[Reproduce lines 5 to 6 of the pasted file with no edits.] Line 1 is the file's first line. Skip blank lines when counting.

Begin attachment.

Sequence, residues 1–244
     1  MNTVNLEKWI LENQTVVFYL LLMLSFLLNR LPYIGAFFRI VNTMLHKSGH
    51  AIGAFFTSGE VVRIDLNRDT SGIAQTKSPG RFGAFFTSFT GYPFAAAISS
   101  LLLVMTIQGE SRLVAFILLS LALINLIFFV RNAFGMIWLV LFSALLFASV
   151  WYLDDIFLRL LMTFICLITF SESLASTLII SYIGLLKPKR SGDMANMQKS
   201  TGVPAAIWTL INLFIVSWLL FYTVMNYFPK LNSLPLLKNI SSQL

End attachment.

   151  WYLDDIFLRL LMTFICLITF SESLASTLII SYIGLLKPKR SGDMANMQKS
   201  TGVPAAIWTL INLFIVSWLL FYTVMNYFPK LNSLPLLKNI SSQL